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Anne Horrigan Geary: Reading is remarkable

If your eyes are perusing this page, you are already aware of the wonders of reading; but allow me the privilege of trumpeting the theme for a few more minutes. Such a miracle is worth examining; let’s take a closer look at the abecedarium of words, strung together like precious pearls to create meaning.

People have always tried to communicate with their peers. From cavemen’s drawings to cuneiform, from smoke signals to semaphore, we need to tell others what we know. In our time, that transfer of information often takes place in the form of letters and words. Who can forget the dramatic scene in “The Miracle Worker” when Helen Keller learns the word for “water.”

For most of us, we learned to crack the word code in school. We each had an “a-ha” moment when those squiggly, black shapes began to tell us stories. How were we to know that this moment would change our lives forever? As a reading teacher, I have been privileged to witness this event many times, but the explosion of excitement never gets old.

My boys were read to before they were born and daily afterward. We only realized our three-year-old could read when he sat himself down on the sofa on Christmas Day and began reading one of his new books — which he had never seen before. From then on we couldn’t sate his appetite for reading. Stacks of books grew everywhere, and we all enjoyed the new adventures.

I remember my own early discovery. I had a big, red story book from which my Pop read me bedtime stories. Occasionally, he skipped a word or line, which I promptly filled in. Soon, I was reading him some of the stories, and because he had a long day at work, he often fell asleep on the bed. His gentle snoring was the clue that I could stop reading and close my eyes, too.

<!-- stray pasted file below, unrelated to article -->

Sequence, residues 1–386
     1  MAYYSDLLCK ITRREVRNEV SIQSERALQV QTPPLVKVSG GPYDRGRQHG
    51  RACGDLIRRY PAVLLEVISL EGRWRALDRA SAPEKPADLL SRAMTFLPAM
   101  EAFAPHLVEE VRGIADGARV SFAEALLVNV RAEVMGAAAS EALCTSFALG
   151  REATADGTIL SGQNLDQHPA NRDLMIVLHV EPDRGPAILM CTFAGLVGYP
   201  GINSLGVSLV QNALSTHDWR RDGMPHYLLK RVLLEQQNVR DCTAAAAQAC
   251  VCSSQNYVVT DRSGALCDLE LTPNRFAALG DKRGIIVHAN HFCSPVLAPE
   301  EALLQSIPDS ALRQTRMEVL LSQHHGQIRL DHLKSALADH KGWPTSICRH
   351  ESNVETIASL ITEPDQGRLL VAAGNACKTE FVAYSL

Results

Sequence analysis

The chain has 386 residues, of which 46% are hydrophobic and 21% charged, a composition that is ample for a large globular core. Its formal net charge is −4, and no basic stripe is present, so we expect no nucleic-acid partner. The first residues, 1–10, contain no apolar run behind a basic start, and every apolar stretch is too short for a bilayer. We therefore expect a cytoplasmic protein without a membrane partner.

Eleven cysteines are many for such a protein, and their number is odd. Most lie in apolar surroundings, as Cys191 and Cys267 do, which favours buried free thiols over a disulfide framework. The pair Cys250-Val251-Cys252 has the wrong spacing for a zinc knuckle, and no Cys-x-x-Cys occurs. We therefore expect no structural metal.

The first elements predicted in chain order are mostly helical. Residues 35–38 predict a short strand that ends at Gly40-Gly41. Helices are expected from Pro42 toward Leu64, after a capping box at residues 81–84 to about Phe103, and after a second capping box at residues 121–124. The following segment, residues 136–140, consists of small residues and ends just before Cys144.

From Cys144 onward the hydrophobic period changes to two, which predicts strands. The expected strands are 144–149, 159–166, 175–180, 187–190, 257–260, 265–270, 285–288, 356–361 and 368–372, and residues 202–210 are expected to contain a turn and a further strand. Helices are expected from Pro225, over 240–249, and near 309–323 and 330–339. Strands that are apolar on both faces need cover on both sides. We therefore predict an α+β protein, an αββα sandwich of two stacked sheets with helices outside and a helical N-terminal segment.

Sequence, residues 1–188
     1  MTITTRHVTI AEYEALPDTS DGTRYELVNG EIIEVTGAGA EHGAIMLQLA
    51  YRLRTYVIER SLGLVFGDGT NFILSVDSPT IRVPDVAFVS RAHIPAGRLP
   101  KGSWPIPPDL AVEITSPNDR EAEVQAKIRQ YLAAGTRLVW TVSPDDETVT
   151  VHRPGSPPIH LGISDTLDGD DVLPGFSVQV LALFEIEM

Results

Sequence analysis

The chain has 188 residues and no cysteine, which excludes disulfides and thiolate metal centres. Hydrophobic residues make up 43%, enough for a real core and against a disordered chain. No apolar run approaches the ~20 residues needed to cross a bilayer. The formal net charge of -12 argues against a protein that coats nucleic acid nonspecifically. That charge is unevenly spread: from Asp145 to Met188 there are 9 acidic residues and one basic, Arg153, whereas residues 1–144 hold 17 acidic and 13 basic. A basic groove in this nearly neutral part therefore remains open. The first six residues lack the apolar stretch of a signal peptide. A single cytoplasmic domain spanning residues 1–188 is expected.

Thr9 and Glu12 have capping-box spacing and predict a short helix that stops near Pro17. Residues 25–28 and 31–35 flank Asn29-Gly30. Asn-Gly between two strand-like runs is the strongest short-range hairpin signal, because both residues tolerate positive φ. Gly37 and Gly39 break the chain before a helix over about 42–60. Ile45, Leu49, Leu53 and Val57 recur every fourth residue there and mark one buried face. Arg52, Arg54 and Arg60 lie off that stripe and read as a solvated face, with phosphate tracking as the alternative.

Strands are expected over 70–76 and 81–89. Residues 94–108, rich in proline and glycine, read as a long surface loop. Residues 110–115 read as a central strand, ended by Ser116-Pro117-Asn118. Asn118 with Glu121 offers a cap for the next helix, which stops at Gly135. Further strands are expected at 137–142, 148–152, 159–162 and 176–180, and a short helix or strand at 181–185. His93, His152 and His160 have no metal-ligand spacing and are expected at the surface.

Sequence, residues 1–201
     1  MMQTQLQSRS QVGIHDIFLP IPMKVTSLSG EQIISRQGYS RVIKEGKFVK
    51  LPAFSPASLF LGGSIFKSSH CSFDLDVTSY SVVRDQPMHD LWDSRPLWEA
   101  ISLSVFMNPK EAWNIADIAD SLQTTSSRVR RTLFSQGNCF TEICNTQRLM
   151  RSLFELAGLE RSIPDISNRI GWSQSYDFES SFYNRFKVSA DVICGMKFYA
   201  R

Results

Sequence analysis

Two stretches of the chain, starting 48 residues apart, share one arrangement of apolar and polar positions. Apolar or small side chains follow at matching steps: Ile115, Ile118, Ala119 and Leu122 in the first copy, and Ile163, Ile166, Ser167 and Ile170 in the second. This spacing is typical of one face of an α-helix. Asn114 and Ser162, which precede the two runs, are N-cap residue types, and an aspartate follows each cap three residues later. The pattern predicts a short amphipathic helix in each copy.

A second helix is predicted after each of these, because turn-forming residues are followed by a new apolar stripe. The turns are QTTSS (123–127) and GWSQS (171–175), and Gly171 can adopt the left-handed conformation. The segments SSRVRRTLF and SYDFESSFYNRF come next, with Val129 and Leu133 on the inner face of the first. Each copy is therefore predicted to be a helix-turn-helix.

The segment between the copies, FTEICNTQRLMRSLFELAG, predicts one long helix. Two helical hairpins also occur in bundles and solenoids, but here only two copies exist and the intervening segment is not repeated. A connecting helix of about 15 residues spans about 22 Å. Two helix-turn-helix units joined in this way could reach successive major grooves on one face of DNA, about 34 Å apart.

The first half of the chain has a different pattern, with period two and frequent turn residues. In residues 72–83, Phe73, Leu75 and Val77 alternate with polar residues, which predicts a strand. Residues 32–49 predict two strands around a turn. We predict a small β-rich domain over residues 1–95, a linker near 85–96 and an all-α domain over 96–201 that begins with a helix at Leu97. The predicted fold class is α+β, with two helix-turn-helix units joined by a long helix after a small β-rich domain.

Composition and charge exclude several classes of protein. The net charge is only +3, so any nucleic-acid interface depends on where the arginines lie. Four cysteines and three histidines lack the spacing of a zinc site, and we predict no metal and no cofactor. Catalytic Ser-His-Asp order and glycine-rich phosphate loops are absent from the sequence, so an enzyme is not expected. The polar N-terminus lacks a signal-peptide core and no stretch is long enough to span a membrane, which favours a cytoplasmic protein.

As an adult, books are my consolation and my entertainment. They are my teachers in every sense of the word. Discovering a new favorite author is like making a new friend. I just discovered Celeste Ng, author of “Little Fires Everywhere.” She weaves a compelling tale about families, especially mothers and children, which was easy reading but full of profound thoughts.

I still swallow detective fiction whole. Tomorrow, Archer Mayor’s new Joe Gunther novel is arriving, and I fully expect to stay up all night reading it. I like the feeling of plunging into another life and swimming in another person’s skin.

Recently, we went to a library book sale, the very best kind of sale. It’s like a monumental smorgasbord for the brain. For pennies on the dollar, we loaded up with pounds of bound treasure. With the cost of new books so high, book sales are more of a bargain than ever, plus supporting libraries is the best kind of charity. Everybody wins, and you can donate books back next year for an even bigger impact.

If books are treasure, then libraries are storehouses of treasure, filled to the brim with knowledge. I can still close my eyes and see the inside of the big, old Berkshire Athenaeum on Bank Row. It was my magic castle where I traveled every Saturday to fill my arms with as many books as I could carry. I know the new building is more efficient, but it will never replace its predecessor in my heart. I have a lovely watercolor print of the building set on a snowy day, and it seems like the warmth of the books and the cozy reading nooks would beckon to anyone in a storm.

Even though we are going to miss the hurricane, I plan to hunker down with my hard-bound lifesavers and read the day away.

Anne Horrigan Geary is a regular Eagle contributor.

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